Slow living – A medley of photos and notes

Processed with VSCO with fs16 presetSlowing down

Over the years I have learnt that I am very old style. Sometimes I feel I would rightly fit in a farmer’s market, time-lapsed backwards to 1950s. That is what I seem to find joy in. Every new place I visit makes me wonder what it must have looked and felt like years before. These paths have been treaded by so many people over the years, each a story, each a hero in their time. A time when life was slower and alive with people interacting more. A place where everyone knew everyone else because they took the time to do so, to care and to greet one another. A place with warmth and spirit without a phone in their palms to bend their necks down to.I miss the days we wrote letters to our best friends and family. I miss having to hold a pen, to think, to carefully choose my words. To spend the effort and time, to “feel” everything we communicated to them. I don’t even know what my handwriting looks like anymore, do you? I miss remembering phone numbers of our loved ones far away. Yes, life is “easier” now than it was before. It’s an irony – we have everything we need to stay connected now, a lot of us even have access to fly anywhere in the world, but how “connected” are we? The voice and emotion hiding behind those text messages, how real are they? It was much more organic back then, don’t you think? I cannot begin to imagine arriving into this world in today’s generation and missing out on the slow and gadget free childhood we had. I do hope the world is getting somewhere with all this fast paced lifestyle, but we’re on a one way road now. We feel we are in a constant race because, well, we are. Everything is a race – education, work, family, even holidays. The streets in the city I live in refuses to slow down, people want to rush everywhere – to the market, to the subway, to walk their dog. Why? And with so much rushing we still complain we have no time. Then why rush at all? If there is one thing we all have in common its that : we-have-no-time. And it makes me wonder sometimes, what would we do if we had that time we complained we didn’t have? Go on a holiday, relax, slow down..?

I keep thinking about this sometimes. Some of it I share here, some of it remains with me. It’s a conscious effort I take to remind myself everyday: To put my phone away and look around every time I step outside, go for walks. To see people’s faces. Observe. Give my heart and mind the time and space to absorb things around me. To make new friends. To be present. Moments like these are so precious to lose, to never know what it feels like again.


Aug 11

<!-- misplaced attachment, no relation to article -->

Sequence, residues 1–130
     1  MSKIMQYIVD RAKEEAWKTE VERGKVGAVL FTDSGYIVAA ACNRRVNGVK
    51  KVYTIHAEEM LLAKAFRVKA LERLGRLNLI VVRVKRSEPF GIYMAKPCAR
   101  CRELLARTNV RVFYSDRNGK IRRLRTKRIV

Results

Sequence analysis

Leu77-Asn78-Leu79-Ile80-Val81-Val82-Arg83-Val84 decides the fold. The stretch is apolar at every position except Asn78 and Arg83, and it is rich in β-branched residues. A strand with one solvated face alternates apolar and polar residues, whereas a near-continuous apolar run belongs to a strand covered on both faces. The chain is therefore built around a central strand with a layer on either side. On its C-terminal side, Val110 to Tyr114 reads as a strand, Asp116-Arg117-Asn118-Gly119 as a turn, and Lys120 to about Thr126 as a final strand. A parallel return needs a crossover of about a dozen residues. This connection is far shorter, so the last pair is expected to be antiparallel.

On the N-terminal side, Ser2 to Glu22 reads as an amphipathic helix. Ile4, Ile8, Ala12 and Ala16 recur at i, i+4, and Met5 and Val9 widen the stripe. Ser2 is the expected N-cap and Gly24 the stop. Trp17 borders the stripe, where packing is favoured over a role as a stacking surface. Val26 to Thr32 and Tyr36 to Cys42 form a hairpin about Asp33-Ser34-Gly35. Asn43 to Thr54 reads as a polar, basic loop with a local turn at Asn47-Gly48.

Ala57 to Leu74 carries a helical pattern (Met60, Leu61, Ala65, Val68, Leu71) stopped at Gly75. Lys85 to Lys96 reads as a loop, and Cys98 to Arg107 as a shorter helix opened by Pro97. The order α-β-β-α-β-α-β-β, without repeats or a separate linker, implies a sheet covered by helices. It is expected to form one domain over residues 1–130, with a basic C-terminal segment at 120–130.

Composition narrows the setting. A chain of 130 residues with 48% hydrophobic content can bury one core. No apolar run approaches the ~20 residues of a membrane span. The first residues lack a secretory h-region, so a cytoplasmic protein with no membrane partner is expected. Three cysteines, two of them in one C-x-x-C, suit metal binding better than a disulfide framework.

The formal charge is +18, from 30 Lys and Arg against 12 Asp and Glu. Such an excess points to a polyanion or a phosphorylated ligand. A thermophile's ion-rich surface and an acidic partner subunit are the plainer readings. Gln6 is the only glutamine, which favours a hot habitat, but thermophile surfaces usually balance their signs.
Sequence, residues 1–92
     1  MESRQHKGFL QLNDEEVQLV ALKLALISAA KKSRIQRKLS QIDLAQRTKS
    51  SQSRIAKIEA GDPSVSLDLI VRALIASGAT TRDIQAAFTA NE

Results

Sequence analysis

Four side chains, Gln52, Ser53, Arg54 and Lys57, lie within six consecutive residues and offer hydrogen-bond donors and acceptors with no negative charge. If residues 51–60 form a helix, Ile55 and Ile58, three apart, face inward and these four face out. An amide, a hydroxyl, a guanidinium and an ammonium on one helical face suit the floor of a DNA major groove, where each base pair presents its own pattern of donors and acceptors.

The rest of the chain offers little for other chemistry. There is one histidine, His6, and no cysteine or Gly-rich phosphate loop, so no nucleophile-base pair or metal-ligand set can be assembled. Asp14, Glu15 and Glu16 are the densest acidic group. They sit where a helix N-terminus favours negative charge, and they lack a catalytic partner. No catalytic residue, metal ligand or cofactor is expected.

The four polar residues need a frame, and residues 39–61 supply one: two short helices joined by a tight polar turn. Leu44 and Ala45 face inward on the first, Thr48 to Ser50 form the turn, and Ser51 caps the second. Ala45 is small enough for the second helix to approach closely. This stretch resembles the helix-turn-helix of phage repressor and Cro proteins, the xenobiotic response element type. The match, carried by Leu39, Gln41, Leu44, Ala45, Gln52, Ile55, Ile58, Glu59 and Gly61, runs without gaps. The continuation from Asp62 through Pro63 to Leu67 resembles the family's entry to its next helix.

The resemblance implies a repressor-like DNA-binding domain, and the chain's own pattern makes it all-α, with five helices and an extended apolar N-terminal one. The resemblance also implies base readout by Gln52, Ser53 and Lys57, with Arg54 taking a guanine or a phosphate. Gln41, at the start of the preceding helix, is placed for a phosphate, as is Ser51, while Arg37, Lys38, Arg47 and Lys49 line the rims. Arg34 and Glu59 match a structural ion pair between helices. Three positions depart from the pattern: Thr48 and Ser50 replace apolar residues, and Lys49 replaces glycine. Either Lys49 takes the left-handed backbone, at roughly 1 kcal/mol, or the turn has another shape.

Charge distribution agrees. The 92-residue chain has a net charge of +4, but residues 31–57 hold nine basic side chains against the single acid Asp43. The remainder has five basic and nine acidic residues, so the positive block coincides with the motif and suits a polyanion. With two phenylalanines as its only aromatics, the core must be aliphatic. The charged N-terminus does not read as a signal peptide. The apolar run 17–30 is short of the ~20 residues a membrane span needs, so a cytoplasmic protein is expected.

We had a very pleasant Sunday. I am grateful for today. For a peaceful morning breakfast in a laid back cozy coffee shop; the morning summer sunlight filling up the space in abundance with a generous doze of warmth and glow. For the light vegan breakfast with a mix of cut fruits, coconut curd and cashew butter and for the delicious and cute pancakes S shared with me. Grateful for the refreshing walk in the neighborhood on the way back home to get our bikes to go cycling and for the most beautiful bike ride I ever had, along the Hudson river in Riverside Park. It was breezy and my heart was full. We cycled along the river beneath a canopy of trees lining the roads. After about 6 miles, we arrived at the foot of a tiny pink lighthouse beneath the George Washington bridge, S explained it as one of the important landmarks that is also the first sight you see when entering the state of New York. We found a spot to sit on the bed of rocks and under the shades of the trees. We listened to the subtle waves crashing, and wondered about the logs of wood that came floating by every once in a while. We did some fresh grocery shopping in Fairway, we planned it well and was easy to take it all home since my bike had a basket. I am grateful for today, for this beautiful summer day.

Processed with VSCO with fs16 preset

Salem and Ipswich Beach

Processed with VSCO with e8 presetAs human beings our behaviors and characteristics spread across an extremely wide spectrum. On one end we destroy everything that stands against our beliefs and comfort and the other end we pray and celebrate memories of their very existence.

This is something I was thinking about when we decided to spend Saturday morning in Salem, a little village in the north shore of Massachusetts. The village and the neighborhood is known for its witch trials during colonial times and rightly so, it is lined with shops that sell “healing” stones, tarot cards and crystal balls. It’s amazing how passionate and serious people are about these things. Every shop is different and has a character of its own – the air is dense with lighted incense sticks, every breath feels dark and heavy. The stores are small but packed to the rafters with aromatic oils, gemstone pendulums, numerous precious gems. Some exquisite stores even sell rabbit skins. Salem is derived from a Hebrew word called Shalom, meaning “peace”. It was a strange kind of peace. It was not a place I could fall in love with but it has filled my mind with so many questions. Events from 1692 seem so so far away, and the tales have evolved since then.